Nfld. & Labrador

Year of the Pig brings prosperity, as Lunar New Year celebrated

It's the Lunar New Year, "pretty much like Christmas."

It's the Chinese equivalent of Christmas, but without Santa, says Xingpei Li

Tzu Hau Hsu, left, and Simon Tam brought a bowl of oranges for their interview. In Chinese culture, oranges are often a symbol of luck, Hsu says, and therefore given as gifts. (Paula Gale/CBC)

It's the Lunar New Year, and the Chinese community in Newfoundland and Labrador is celebrating what should be a prosperous Year of the Pig.

In the Chinese zodiac calendar, the Year of the Pig is supposed to be a good year to make money and invest.

"A pig is a symbol in China of intelligence and also, maybe because of their size, it's also a symbol of prosperity," said Simon Tam, the newly elected president of the Chinese Association of Newfoundland and Labrador.

This year is the Year of the Pig in the Chinese lunar calendar and is supposed to represent abundance, diligence and generosity. (Bullit Marquez/The Associated Press)

Tzu Hau Hsu was born in the Year of the Pig herself, so while she's a little bit biased, she said people born in the Year of the Pig have plenty of perks.

"Folks who are born in the Year of the Pig tend to be gentle, sociable folks who are honest and straightforward," she told CBC's St. John's Morning Show.

"They're comfortable in life, they work hard, they can achieve great success, but if not, you're generally speaking, you'll coast along pretty well. But don't tell my parents I said that."

'I remember when I was young my mom told us not to sweep the floor, because you'll be sweeping away your luck,' Simon Tam says. (Arms Bumanlag/CBC)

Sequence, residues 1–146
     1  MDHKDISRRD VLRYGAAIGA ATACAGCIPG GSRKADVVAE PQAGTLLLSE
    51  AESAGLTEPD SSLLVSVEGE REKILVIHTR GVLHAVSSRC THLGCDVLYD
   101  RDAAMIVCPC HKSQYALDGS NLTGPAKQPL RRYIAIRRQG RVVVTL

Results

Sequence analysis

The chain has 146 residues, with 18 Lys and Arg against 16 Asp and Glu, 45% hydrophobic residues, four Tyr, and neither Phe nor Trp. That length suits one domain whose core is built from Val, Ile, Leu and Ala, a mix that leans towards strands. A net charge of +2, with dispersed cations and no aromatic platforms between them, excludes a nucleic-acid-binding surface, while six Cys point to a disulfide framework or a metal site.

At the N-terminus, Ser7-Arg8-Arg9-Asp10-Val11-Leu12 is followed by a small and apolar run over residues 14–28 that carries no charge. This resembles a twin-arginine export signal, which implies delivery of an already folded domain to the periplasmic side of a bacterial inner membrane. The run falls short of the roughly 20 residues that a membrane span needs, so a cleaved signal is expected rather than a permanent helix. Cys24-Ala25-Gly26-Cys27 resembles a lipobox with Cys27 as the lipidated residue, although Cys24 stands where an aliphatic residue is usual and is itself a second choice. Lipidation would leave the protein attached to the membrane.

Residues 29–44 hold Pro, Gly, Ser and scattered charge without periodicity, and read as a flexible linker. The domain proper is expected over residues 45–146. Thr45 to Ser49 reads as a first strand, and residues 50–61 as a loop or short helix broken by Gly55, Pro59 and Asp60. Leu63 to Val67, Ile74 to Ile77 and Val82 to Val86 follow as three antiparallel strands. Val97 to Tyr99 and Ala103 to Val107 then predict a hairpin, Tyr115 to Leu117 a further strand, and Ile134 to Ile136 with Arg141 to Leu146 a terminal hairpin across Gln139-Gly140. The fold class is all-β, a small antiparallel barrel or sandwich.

There are some downsides, too, such as getting a little too passionate about certain subjects. "So you start fights, and my brother can tell you that growing up, that was a forte I was very much good at."

But the Year of the Pig isn't particularly lucky for those born under the Chinese zodiac sign; instead, you may want to lie low and not commit to any big investments, she said.

Growing Chinese community in N.L.

While there are massive celebrations in China to ring in the new year, in St. John's, the local community is planning a big party for Saturday.

It will have dancing, performances and, of course food.

But if you're looking for a ticket, you're out of luck, Tam said; tickets sold out pretty quickly.

Dancers perform with a dragon head during the Lunar New Year parade in Vancouver. (Darryl Dyck/Canadian Press)

That could be because the Chinese community in the province, and in St. John's especially, has been steadily expanding since the 1890s, with people from difference provinces in China moving here.

"I have to say, I don't know exactly the size of the Chinese community here, but including students here it would be a few thousand, I would think," said Tam.

'It's pretty much like Christmas'

But in Happy Valley-Goose Bay, the Chinese community is pretty small, meaning celebrations are often a small affair.

"Traditionally, it's pretty much like a family reunion, so everyone goes back home to stay with their family … basically a family festival," says Xingpei Li, who works with Them Days magazine.

"I have no plans. I mean, because here, there's no Chinese community."

Back home, he would go to his parents house and there would be big parties with family and friends.

Xingpei Li says his Lunar New Year celebrations will be a party of one, since he's actually working in Nain. (Submitted by Them Days Magazine)

"It's the biggest festival in China. It's pretty much like Christmas for you guys," he told CBC's Labrador Morning.

And the Lunar New Year is a favourite holiday for children because, traditionally, you're given cash by your older relatives.

"It's like here, kids love Christmas, because you get a Christmas gift from your family, and in China, you can also give gifts, but the tradition is to usually give cash … so that's why kids love it," he said.

And there's an added bonus: no naughty or nice list like Christmas.

"I think they hope you — that's what they tell you, be good, you could get more money next year," laughed Li, "but, eh, we don't have Santa so you don't have to be good."

Read more from CBC Newfoundland and Labrador

With files from The St. John's Morning Show and Labrador Morning


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